By John Larson – firstname.lastname@example.org
Members of the local Cambodian community, joined by their neighbors of other ethnic backgrounds, gathered at Khmer Theravandin Buddhist Temple on April 28 to celebrate the Cambodian lunar new year. The theme for this year is the year of the pig.
Traditional food included fried rice, vegetables, beef on skewers and stuffed chicken legs were served. People in colorful outfits performed traditional dances while other people played drums. Children ran around laughing. Their elders performed religious ceremonies. Flags of Cambodia, the United States and Washington were placed around the complex, which is located on East 44thStreet not far from Salishan.
Several community and political leaders addressed the audience. Tacoma City Councilmember Anders Ibsen mentioned values held dear by the Cambodian community, including reverence for tradition and caring for the community. He told the audience that their contributions “make America and the city of Tacoma great.”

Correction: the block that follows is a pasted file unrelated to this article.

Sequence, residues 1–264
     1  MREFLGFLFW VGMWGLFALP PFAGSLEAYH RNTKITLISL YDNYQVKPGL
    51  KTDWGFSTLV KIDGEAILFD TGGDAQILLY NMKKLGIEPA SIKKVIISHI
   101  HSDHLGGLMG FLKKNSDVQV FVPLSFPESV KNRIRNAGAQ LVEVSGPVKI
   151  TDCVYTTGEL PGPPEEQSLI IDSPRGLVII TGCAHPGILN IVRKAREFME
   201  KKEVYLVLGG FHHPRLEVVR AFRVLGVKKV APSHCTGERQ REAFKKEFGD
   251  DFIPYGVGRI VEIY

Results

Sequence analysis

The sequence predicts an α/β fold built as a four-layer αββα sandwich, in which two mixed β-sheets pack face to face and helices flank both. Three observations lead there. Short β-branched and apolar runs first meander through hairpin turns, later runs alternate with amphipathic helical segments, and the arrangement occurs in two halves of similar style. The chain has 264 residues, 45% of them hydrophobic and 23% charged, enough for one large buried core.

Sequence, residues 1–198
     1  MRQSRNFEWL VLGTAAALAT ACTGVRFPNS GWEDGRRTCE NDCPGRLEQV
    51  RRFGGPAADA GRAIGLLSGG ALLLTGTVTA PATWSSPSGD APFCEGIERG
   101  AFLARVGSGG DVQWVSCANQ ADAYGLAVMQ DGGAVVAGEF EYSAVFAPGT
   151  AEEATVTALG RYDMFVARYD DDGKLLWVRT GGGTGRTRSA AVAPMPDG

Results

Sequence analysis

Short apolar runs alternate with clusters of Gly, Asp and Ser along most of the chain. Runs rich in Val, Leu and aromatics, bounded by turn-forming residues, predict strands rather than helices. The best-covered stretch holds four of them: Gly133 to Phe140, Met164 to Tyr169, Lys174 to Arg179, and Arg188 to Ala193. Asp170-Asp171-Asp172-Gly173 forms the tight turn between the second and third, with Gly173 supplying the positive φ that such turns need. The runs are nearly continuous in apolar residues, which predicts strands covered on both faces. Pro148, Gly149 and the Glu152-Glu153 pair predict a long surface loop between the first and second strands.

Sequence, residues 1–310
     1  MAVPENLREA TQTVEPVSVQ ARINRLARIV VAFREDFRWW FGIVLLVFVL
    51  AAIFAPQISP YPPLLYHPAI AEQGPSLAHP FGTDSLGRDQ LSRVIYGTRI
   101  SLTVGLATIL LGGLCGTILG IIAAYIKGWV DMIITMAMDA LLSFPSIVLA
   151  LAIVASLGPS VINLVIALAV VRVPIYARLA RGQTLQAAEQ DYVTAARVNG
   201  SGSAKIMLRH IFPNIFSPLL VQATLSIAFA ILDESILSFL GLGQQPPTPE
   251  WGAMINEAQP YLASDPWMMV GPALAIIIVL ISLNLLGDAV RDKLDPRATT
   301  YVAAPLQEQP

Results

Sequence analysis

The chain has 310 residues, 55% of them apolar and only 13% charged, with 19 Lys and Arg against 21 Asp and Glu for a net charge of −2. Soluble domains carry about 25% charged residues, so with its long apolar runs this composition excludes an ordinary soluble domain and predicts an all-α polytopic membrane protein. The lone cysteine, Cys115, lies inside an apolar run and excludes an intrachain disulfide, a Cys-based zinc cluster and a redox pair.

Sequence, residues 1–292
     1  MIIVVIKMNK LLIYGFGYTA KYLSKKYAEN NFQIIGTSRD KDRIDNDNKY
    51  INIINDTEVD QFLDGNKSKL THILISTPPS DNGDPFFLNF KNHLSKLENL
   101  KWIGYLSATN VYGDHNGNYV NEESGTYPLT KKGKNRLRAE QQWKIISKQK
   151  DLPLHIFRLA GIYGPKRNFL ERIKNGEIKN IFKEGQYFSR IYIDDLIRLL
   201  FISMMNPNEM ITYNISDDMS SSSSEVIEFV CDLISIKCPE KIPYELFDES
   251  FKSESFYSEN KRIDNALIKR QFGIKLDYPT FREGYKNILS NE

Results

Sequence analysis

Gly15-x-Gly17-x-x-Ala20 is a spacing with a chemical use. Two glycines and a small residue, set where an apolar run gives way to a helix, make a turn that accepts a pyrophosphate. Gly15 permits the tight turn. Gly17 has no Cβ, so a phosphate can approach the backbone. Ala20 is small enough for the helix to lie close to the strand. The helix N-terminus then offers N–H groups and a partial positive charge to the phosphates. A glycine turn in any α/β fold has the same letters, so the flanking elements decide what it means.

Mike Blair, chief of staff for Pierce County Sheriff’s Department, discussed the refugees from Southeast Asia who came to Washington after the Vietnam War. In the case of Cambodians, they were fleeing the horrific violence carried out by the Khmer Rouge in their homeland. Blair said his family sponsored two refugee families.
He mentioned advice he received from a former reporter at The News Tribune to avoid eating at the chain restaurants and instead visit family-owned restaurants serving Asian cuisine along East 72ndStreet and South 38thStreet.
Carol Mitchell, senior counsel for justice services with the Pierce County Executive’s Office, thanked the Cambodian community for holding on to their traditions and sharing them with their neighbors.
Priscilla Lisicich, executive director of Safe Streets, described the temple as a place to celebrate culture and build community
Darren Pen, a longtime community organizer with Safe Street, served as master of ceremonies. He is currently president of the Khmer Community of Tacoma.